Upon exiting the barbershop, a collaborator of the Nazis attempted to arrest Niso, only to have Angelo appear and whisk him away, claiming that Niso was under his responsibility.
 
For the following months, Niso would enjoy the warmth and hospitality of the Chalikias family which consisted of Angelo, his father, Dimitri, his mother, Olga, and his four sisters, Efthymia, Mavreta, Cleo and Andriana. The family refused Niso’s offer to work in exchange for the food and accommodation they provided.
 
Dressed as a peasant, Niso would try and mix with the locals. In case he needed to ' disappear,’ the Chalikias home, perched on top of the hill among the vineyards, provided excellent coverage.
 
Angelo confided that, despite the German surveillance, a boatman was sailing between Corfu and Lefkada and he asked Niso if he wanted to send a letter back home. But, instead of a note, Niso decided that he would go himself. Angelo tried to dissuade him from such a dangerous journey but Niso was adamant in his decision so Angelo provided him with his identity card, replacing his own photo with that of Niso’s.
 
Pretending to be fishermen, the two arrived at the port of Lefkada where Niso was to depart after nightfall. With tears in his eyes, Angelos refused to leave until he was certain that the boat carrying Niso had cast off.
 
Niso arrived safely and remained in Corfu until the liberation. Eventually, he left for Israel and settled in Kibbutz Ein Harod where he was married to Malka Amramand and had three daughters. Besides his brother, Shlomo, the entire Moustaki family was executed in Auschwitz.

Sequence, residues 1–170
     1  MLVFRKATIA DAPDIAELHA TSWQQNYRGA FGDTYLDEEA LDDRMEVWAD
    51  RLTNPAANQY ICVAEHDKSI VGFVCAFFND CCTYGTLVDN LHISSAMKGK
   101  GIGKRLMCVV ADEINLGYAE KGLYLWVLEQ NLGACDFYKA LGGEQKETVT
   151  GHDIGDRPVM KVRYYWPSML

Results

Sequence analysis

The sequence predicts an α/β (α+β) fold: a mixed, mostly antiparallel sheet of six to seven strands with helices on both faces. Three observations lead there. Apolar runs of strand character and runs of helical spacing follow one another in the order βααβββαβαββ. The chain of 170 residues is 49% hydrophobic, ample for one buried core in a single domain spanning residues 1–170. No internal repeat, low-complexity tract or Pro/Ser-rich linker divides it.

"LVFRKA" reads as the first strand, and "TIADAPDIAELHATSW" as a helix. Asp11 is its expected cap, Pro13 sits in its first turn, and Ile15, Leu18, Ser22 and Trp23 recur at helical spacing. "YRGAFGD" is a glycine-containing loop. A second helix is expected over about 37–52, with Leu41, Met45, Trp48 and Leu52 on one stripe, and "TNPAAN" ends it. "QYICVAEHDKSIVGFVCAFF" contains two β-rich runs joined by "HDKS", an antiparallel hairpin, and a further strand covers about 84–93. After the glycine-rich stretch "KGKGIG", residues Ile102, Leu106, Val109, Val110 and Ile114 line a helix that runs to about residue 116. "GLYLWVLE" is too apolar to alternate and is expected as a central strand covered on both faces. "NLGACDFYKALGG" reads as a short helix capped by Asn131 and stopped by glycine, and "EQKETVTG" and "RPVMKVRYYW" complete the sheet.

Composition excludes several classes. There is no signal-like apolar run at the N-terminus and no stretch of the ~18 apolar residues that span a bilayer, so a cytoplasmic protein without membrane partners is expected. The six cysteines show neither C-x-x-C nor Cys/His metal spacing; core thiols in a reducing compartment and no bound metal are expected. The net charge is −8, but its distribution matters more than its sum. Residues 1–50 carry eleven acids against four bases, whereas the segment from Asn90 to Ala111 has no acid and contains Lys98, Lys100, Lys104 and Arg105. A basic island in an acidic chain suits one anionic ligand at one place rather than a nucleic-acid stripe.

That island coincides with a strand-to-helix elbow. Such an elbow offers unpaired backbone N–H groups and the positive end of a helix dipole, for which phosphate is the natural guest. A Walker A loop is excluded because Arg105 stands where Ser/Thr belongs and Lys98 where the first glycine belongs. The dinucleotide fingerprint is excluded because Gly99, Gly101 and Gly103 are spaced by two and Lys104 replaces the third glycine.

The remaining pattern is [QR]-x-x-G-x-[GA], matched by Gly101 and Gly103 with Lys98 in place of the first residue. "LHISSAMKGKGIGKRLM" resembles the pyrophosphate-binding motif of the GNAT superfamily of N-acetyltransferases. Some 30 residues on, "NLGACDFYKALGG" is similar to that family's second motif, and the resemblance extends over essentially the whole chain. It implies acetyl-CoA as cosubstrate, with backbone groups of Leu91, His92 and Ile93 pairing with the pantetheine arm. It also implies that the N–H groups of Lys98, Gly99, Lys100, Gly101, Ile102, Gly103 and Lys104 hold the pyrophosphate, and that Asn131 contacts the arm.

For his part, Angelo Chalikias continued to participate in the resistance in Greece until war’s end. In 1949, he married Philomena and a year later, in Thessaloniki, they had a son, Dimitri . Seeking a better life for his family, Angelo emigrated to Ottawa, Canada in 1957. Two years later, Philomena and Dimitri followed him to Montreal where his daughter, Olga, was born in 1963.
 
In 1957, Niso began a correspondence with the Jewish Community of Ottawa. In one of his letters, he wrote, "After he (Angelo Chalikias) heard my plight, through his own free and good will…took it upon himself to hide me...He endangered both his own life and that of his family.”  The letters were discovered by Angelo’s  family after his death in 2012, at the age of 92, and were sent to Yad Vashem (the Holocaust Martyrs’ and Heroes’ Remembrance Authority).
 
On February 19th, 2013, Yad Vashem recognized Angelo Chalikia as “Righteous Among the Nations.” To this day, this honorary distinction has been received by 315 Greeks, including the blessed Archbishop of Athens, Damascus, and Princess Alice of Vatemvergis.
 
Last Monday was a day of remembrance for the Jews but also a day of honoring the altruism of those who aided their plight during the Second World War.